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Italian - English (British) translations for "cosa"

"cosa" Italian translation




Cosa is an Italian noun that translates to 'thing' or 'object'. It is a versatile word that can refer to any physical or abstract entity, without specifying its nature or characteristics.

Part of speech





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Meaning: thing

Ho dimenticato la cosa più importante.

I forgot the most important thing.

Meaning: matter

Non è una cosa da prendere alla leggera.

It's not a matter to be taken lightly.

Meaning: fact

È una cosa nota da tempo.

It's a well-known fact.

Meaning: object

Questa cosa non mi serve più.

I don't need this object anymore.

Meaning: event

La cosa più bella che mi sia mai successa.

The most beautiful event that ever happened to me.


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A1: Cosa vuoi mangiare stasera?

What do you want to eat tonight?

A2: Non so cosa fare oggi.

I don't know what to do today.

A2: Cosa significa questa parola?

What does this word mean?

B1: Ho capito cosa hai detto.

I understood what you said.

B2: Non mi ricordo più cosa avevo detto.

I don't remember what I had said anymore.

B2: Voglio sapere cosa sta succedendo.

I want to know what is happening.

C1: Non importa cosa accadrà, io sarò sempre al tuo fianco.

No matter what happens, I will always be by your side.

C2: Vorrei chiederti una cosa importante.

I would like to ask you an important thing.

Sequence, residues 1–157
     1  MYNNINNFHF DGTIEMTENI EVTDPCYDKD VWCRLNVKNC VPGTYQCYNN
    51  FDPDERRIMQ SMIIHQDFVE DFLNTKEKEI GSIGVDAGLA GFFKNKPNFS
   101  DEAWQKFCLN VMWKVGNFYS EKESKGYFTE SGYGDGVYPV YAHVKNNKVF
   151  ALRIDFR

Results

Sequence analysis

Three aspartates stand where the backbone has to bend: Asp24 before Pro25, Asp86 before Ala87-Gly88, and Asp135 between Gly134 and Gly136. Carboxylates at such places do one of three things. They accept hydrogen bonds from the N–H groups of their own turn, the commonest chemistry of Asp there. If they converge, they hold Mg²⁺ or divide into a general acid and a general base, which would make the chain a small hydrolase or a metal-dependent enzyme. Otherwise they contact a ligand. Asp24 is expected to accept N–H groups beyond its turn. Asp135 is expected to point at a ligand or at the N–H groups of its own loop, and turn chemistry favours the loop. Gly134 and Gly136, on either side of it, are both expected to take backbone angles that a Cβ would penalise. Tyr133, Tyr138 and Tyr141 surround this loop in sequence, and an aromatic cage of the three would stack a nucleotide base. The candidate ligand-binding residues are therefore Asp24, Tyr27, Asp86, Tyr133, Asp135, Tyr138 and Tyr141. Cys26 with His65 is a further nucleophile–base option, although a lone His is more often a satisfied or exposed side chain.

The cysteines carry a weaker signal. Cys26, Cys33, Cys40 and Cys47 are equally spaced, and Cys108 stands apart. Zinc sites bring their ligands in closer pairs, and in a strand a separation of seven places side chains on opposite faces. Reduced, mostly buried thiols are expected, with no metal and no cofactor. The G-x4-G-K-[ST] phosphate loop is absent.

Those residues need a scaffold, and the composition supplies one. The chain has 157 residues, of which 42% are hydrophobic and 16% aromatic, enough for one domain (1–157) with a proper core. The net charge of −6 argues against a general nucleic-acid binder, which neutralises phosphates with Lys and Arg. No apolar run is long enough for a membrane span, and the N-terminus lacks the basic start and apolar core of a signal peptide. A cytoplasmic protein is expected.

C2: Cosa sarebbe successo se avessi preso un'altra decisione?

What would have happened if you had made a different decision?

Advanced Description

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Cosa is a common word in the Italian language, used in everyday conversations and formal contexts alike. Its meaning is broad and generic, allowing speakers to refer to any item or concept they want to mention, without having to provide further details or explanations. For instance, one could say 'Ho comprato una cosa nuova' (I bought a new thing) or 'Non capisco questa cosa' (I don't understand this thing), using cosa as a placeholder for the actual object or idea being discussed.

Cosa can also be used in idiomatic expressions and fixed phrases, such as 'fare le cose per bene' (to do things properly), 'non avere niente da perdere' (to have nothing to lose), or 'una cosa tira l'altra' (one thing leads to another). In these cases, cosa may not have a literal meaning, but rather contribute to the overall sense of the phrase.

Finally, it's worth noting that cosa has some synonyms and related words in Italian that can convey similar meanings with different nuances. For example, oggetto (object) is more specific and concrete than cosa, while affare (affair) implies a certain degree of importance or relevance. However, none of these alternatives are as versatile and widely used as cosa.

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